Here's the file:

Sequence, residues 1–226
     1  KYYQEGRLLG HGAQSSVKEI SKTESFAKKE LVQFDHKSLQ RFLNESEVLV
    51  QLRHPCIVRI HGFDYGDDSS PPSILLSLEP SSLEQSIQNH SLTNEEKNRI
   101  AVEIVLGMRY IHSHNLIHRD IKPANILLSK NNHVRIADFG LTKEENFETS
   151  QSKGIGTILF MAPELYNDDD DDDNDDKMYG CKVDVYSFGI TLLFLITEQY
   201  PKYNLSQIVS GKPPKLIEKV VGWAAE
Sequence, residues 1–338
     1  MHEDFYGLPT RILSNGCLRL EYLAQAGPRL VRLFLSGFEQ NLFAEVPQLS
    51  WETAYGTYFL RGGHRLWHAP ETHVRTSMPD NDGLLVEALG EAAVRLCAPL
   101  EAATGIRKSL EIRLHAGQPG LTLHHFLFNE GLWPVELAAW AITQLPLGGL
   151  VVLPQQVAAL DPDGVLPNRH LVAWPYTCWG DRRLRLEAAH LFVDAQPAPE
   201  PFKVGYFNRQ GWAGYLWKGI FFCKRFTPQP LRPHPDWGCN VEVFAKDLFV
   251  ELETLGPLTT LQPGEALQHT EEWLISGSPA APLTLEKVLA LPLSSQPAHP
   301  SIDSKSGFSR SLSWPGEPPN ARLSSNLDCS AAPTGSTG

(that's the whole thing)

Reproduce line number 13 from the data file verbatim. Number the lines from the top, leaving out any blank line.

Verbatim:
   251  ELETLGPLTT LQPGEALQHT EEWLISGSPA APLTLEKVLA LPLSSQPAHP